<b>Leslie Hindman Auctioneers, Nov. 6:</b> [KELMSCOTT PRESS]. COCKERELL, Sydney C. <i>Some German Woodcuts of the Fifteenth Century.</i> Hammersmith: The Kelmscott Press, 1897 [issued 1898]. $20,000 to $30,000
    <b>Leslie Hindman Auctioneers, Nov. 6:</b> [GOLDEN COCKEREL PRESS]. KEATS, John. <i>Lamia, Isabella, the Eve of Saint Agnes and Other Poems.</i> Waltham Saint Lawrence, Berkshire: The Golden Cockerel Press, 1928. $6,000 to $8,000
    <center> <b>Leslie Hindman Auctioneers<br>Fine Books and Manuscripts Including Americana<br>November 6, 2019</b>
    <b>Leslie Hindman Auctioneers, Nov. 6:</b> [GRANT, Ulysses S.— GRANT, Julia, First Lady]. Carved Applewood and 18-karat Gold Jewelry Suite, Browne & Spaulding, Jewelers, New York City, 1865. $20,000 to $30,000
    <b>Leslie Hindman Auctioneers, Nov. 6:</b> [LINCOLN ASSASSINATION]. GARDNER, Alexander. <i>Incidents of the War |Sic Semper Sicariis</i> [caption title]. Washington, D. C.: Philip & Solomons, 1865. $5,000 to $7,000
    <b>Leslie Hindman Auctioneers, Nov. 6:</b> A COMPLETE COLLECTION of 115 titles published in R. R. Donnelley's Lakeside Classics series. Chicago, 1903-2017. COMPLETE RUN OF THE LONGEST-RUNNING CONTINUOUS SERIES OF BOOKS IN THE WORLD. $5,000 to $7,000
    <center> <b>Leslie Hindman Auctioneers<br>Fine Books and Manuscripts Including Americana<br>November 6, 2019</b>
    <b>Leslie Hindman Auctioneers, Nov. 6:</b> GLEIZES, Albert. METZINGER, Jean. <i>Du Cubisme.</i> Paris, 1947. LIMITED EDITION, number 19 of 20 copies on papier d'Auvergne. $3,000 to $4,000
    <b>Leslie Hindman Auctioneers, Nov. 6:</b> [THE LITTLE REVIEW]. ANDERSON, Margaret, ed. POUND, Ezra, ed. HEAP, Jane, ed. <i>The Little Review.</i> Vol. I, No. 1 through Vol. XII, No. 2. 1914-1929. $3,000 to $4,000
    <b>Leslie Hindman Auctioneers, Nov. 6:</b> [MOUNTENEY, Leonard, binder]. LOUŸS, Pierre. <i>Songs of Bilitis.</i> Chicago: Argus Books, 1931. $2,000 to $3,000
    <b>Leslie Hindman Auctioneers, Nov. 6:</b> [HANCOCK, John]. Partly-printed U.S. Loan-Office Transfer Certificate issued on behalf of Hancock. Sgn’d on recto by William Imlay, as Commissioner of Loans of Connecticut. 28 February 1793. $2,000 to $3,000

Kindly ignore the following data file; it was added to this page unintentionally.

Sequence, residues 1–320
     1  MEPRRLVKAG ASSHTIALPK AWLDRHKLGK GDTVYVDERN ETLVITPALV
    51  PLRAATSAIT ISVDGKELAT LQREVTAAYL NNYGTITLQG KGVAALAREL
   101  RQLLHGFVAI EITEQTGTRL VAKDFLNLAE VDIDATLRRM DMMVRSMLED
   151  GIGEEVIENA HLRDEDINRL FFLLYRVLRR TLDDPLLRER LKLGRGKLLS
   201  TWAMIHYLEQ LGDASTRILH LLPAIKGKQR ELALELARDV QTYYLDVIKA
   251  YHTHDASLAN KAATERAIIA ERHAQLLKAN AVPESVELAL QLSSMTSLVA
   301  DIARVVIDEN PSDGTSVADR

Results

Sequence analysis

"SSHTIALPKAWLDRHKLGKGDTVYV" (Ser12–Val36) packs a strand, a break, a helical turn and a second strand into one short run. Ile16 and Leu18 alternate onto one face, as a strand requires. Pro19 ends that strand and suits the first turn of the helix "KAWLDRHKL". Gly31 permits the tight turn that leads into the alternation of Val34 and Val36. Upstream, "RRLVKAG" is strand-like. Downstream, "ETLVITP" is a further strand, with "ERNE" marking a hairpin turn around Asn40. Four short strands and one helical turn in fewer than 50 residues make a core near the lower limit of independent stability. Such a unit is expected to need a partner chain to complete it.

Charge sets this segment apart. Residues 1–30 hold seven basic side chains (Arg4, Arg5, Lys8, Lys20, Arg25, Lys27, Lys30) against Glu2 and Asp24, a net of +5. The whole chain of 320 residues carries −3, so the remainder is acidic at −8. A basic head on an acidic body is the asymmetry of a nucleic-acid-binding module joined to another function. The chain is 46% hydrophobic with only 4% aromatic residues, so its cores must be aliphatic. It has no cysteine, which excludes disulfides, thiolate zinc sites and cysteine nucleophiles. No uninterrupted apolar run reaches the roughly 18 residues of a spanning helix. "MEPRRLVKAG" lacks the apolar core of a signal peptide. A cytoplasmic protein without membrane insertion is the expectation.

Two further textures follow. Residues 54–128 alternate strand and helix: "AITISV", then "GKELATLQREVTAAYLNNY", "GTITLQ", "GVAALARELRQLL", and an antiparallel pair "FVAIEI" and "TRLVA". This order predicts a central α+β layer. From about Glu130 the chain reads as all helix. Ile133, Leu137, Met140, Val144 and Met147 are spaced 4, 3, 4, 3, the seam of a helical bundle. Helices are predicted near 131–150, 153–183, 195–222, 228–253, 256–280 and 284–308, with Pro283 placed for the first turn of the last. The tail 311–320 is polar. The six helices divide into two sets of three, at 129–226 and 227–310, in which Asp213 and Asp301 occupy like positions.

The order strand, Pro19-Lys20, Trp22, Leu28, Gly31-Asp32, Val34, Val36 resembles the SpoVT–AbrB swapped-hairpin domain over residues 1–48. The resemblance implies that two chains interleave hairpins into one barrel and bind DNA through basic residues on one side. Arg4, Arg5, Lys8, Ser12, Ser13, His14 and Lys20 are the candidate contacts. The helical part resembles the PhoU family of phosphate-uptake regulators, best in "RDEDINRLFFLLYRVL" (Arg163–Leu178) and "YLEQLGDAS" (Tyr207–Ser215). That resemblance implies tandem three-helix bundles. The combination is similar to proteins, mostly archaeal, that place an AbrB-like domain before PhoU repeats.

Rare Book Monthly

Articles - April - 2003 Issue

Slavery in the United States <br> Chapter 8

Pchapter8

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SLAVERY IN THE UNITED STATES
By J. K. Paulding
Published in New York in 1836

CHAPTER VIII.

Of the Laws for the Government of Slaves.

7,676 words


ALL those who have written on the subject of slavery, and the advocates of immediate abolition most especially, have endeavoured to impose on the world an opinion that the slaves of the United States are entirely without the protection of the laws, and completely at the mercy of the will, the caprice, or the cruelty of their masters. With a view to dispel this delusion, and to enable the reader to estimate correctly their real situation, we give the following abstract of the laws of Virginia, furnished by a gentleman of the bar in that state, whose character and attainments are such as entitle him to unqualified belief in his statements. Originating, as they do, in a state of society common to all the South, it is presumed no material difference will be found between the regulations adopted for the same general purposes in other quarters.

Being property, slaves may be bought and sold by persons capable of buying and selling other property. In relation, however, to free negroes and mulattoes, there is this qualification: that no free negro or mulatto shall be capable of purchasing or otherwise acquiring permanent ownership (except by descent) in any slave other than his or her husband, wife, or children.

They are held to be personal estate,* (Rev. Code, vol. i. p. 431, line 47.) and as such may be levied upon and sold for the debts of the owner. But these qualifications exist. No collector of taxes, levies, fines, forfeitures, amercements, or poor-rates, or officers' fees, is allowed to distrain upon slaves for the purpose of satisfying any such dues, if other sufficient distress can be had.** (Ibid. p. 282, line 25) So in relation to executions. No officer is allowed to take slaves in execution for a debt of small amount, when other sufficient goods are shown to him.*** (Ibid. p. 532, line 21.) When taken, however, under execution and attachment, the officer is required to support them until sold or discharged, for which an allowance is made him not exceeding twenty cents per day for each slave. **** (Ibid. p. 533, line 24; p. 480, line 18.)

Upon the death of the owner, his personal representative is inhibited from selling the slaves, unless the other part of the personal estate (regard being had to the privilege of specific legacies) shall be insufficient to pay the debts and expenses; and then only so many of the slaves are sold as will be sufficient to satisfy the debts and expenses. The residue [is] reserved in kind for the legatees or distributees.* (Rev. Code, vol. i. p. 387, line 49.) Sometimes there are so few slaves, and so many distributees, that an equal division thereof cannot be made in kind. In such case, a court of chancery for the purpose of division may direct a sale of the slaves and a distribution of the proceeds according to the rights of the parties. ** (Ibid. p. 432, t) 50.)